NEWARK — Two hackers stole the e-mail addresses of more than 100,000 Apple iPad users, including those of politicians and famous media personalities, federal prosecutors said yesterday in announcing criminal charges against the men.
US Attorney Paul Fishman said there was no evidence that the two men used the information they acquired for criminal purposes. Authorities cautioned, however, that the information could have wound up in the hands of spammers and scammers.
AT&T revealed the security vulnerability months ago.
Daniel Spitler, 26, a bookstore security guard from San Francisco, and Andrew Auernheimer, 25, of Fayetteville, Ark., face charges of fraud and conspiracy to access a computer without authorization.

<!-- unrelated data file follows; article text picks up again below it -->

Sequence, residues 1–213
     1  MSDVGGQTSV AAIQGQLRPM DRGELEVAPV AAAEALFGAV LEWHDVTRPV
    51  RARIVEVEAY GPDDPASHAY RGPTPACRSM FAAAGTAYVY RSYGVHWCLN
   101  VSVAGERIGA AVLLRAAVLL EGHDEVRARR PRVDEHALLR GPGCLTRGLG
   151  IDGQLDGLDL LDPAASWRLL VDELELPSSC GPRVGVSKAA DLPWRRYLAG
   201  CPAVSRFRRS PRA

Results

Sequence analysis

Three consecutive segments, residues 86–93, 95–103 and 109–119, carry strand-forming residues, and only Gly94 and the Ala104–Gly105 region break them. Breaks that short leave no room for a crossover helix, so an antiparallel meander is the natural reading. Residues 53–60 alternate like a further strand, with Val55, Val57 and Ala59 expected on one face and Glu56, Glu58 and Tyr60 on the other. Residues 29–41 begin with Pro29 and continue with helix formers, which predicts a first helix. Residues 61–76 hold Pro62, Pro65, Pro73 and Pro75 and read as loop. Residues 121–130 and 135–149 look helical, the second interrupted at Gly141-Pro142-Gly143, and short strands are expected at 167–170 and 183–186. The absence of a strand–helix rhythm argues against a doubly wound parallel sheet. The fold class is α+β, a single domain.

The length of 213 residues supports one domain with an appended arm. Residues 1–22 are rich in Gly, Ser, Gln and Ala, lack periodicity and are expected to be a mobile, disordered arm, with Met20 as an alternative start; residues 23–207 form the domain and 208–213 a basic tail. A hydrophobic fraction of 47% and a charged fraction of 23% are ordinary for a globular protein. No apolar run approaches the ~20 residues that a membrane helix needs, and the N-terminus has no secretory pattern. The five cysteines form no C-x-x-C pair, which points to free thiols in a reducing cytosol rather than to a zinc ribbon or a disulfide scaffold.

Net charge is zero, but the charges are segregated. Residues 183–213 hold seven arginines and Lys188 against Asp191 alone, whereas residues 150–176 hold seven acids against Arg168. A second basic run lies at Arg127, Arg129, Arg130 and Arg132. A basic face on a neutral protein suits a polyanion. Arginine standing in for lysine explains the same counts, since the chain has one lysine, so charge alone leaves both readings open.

Fishman characterized the men and their cohorts as engaging in “malicious one-upsmanship’’ as they sought to impress each other and others in the online community.
“We don’t tolerate committing crimes for street cred,’’ Fishman said.
Spitler appeared in US District Court in Newark yesterday and was released on $50,000 bail. US Magistrate Claire Cecchi ordered him not to use the Internet except at his job at a Borders bookstore. He is scheduled to be back in court March 7.
Auernheimer was to make a court appearance later yesterday in US District Court in Fayetteville.
The stolen e-mail addresses are unlikely to be the basis for identity theft, but a spammer armed with the addresses could send e-mail pretending to be from Apple or AT&T, which the recipients might be more likely to open.
The complaint quotes an article published on Gawker.com that contended the e-mail addresses of film mogul Harvey Weinstein, former White House chief of staff Rahm Emanuel, New York Mayor Michael Bloomberg, and Diane Sawyer of ABC News were among those lifted from AT&T’s servers.
AT&T spokesman Mark Siegel said, “We take our customers’ privacy very seriously.’’